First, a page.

Just as a child needs the patience of a good parent to grow into adulthood, so too is there the need for pastors to patiently guide the seeker into an encounter with the Living God, and bring about the purification of the nous (the eye of the soul). Pressuring parishioners into conformity does nothing to help the person mature in the faith, for only the Holy Spirit can transform the heart, and bring the believer into conformity with the Gospel teachings. Everyone needs the Church’s transformational power to make them holy. Demanding holiness before healing has taken place, only serves to drive the seeker from the hospital before they can be made whole. A good priest once said, “Rather than wondering how you’re going to change the Church, wait and see how the Church changes you.”

(Abbot Tryphon) I agree with this strongly. There are naïve young people in my parish who’re socially liberal on keys issues simply because they’re young people, osmosis works culturally as well as physically, and they have no realistic idea of the legal and cultural eventuality of their liberalism. Let them put their roots in the Church and things will turn around eventually. A forced cultural conversion is no better than a forced religious conversion.

5

I had a commitment Wednesday night that kept me from watching the second debate. I actually would have considered watching since Fiorina was in it.

It took a very long time to get through 3 hours of Tweets Thursday morning from all the people who’d been liveTweeting the debate.

Although Evangelical support of Trump is oversold, I liked Russell Moore’s New York Times piece on how support of Trump is a repudiation of the Evangelical consensus on “culture war” issues:

We should not demand to see the long-form certificate for Mr. Trump’s second birth. We should, though, ask about his personal character and fitness for office …

Still, the problem is not just Mr. Trump’s personal lack of a moral compass. He is, after all, a casino and real estate mogul who has built his career off gambling, a moral vice and an economic swindle that oppresses the poorest and most desperate. When Mr. Trump’s casinos fail, he can simply file bankruptcy and move on. The lives and families destroyed by the casino industry cannot move on so easily.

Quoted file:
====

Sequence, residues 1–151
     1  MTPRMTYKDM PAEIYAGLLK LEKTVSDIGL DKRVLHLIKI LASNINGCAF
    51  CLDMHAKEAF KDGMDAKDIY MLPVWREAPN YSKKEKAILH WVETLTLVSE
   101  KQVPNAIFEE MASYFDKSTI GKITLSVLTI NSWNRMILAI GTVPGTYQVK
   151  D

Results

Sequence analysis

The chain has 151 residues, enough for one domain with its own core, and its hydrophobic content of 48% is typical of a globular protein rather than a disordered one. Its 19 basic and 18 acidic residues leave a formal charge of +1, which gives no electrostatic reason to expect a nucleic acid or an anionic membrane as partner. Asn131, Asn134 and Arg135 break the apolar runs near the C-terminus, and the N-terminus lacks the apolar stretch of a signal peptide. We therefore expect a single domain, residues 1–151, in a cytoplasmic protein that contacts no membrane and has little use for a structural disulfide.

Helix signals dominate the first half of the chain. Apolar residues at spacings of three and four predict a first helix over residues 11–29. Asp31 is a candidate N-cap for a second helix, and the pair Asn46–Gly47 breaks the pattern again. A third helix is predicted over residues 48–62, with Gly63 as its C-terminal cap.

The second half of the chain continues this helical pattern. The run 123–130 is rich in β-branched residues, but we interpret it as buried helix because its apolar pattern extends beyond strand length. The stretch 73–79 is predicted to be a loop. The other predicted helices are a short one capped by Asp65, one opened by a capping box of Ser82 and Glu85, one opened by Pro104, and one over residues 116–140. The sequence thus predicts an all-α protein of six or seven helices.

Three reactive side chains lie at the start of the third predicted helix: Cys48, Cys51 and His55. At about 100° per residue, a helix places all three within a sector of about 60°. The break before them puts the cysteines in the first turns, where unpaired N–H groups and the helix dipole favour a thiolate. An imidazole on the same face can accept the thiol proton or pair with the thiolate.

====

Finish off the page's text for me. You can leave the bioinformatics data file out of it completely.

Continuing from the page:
6

Before I read this book, I wasn’t aware that I was a creationist. But Matt Ridley tells me I am, in his broad sense of someone who foolishly believes that any good can come of ‘human intentionality, design and planning’. With no little intellectual chutzpah, he offers to treat us to a ‘general theory of evolution’ of everything, surpassing Charles Darwin’s ‘special’ one that applied only to living organisms. According to the author, ‘top-down’ is always bad, ‘bottom-up’ is always good. By what evolutionary method he avoided consciously designing this book itself remains a mystery to the end.

(Steven Poole) After an opening paragraph like that, who needs the rest of the review?

Actually, you do, because at the deservedly snarky end, it is revealed that you can buy this £20 logical train wreck for just £18 through the Spectator Bookshop!

7

I dare Hillary Clinton [and] Barack Obama to watch these tapes. Watch a fully formed fetus on the table, its heart beating, its legs kicking, while someone says, “We have to keep it alive to harvest its brain.” This is about the character of our nation.

(Carly Fiorina in, of all places, a Presidential candidate debate)

8

* * * * *

“In learning as in traveling and, of course, in lovemaking, all the charm lies in not coming too quickly to the point, but in meandering around for a while.” (Eva Brann)

Some succinct standing advice on recurring themes.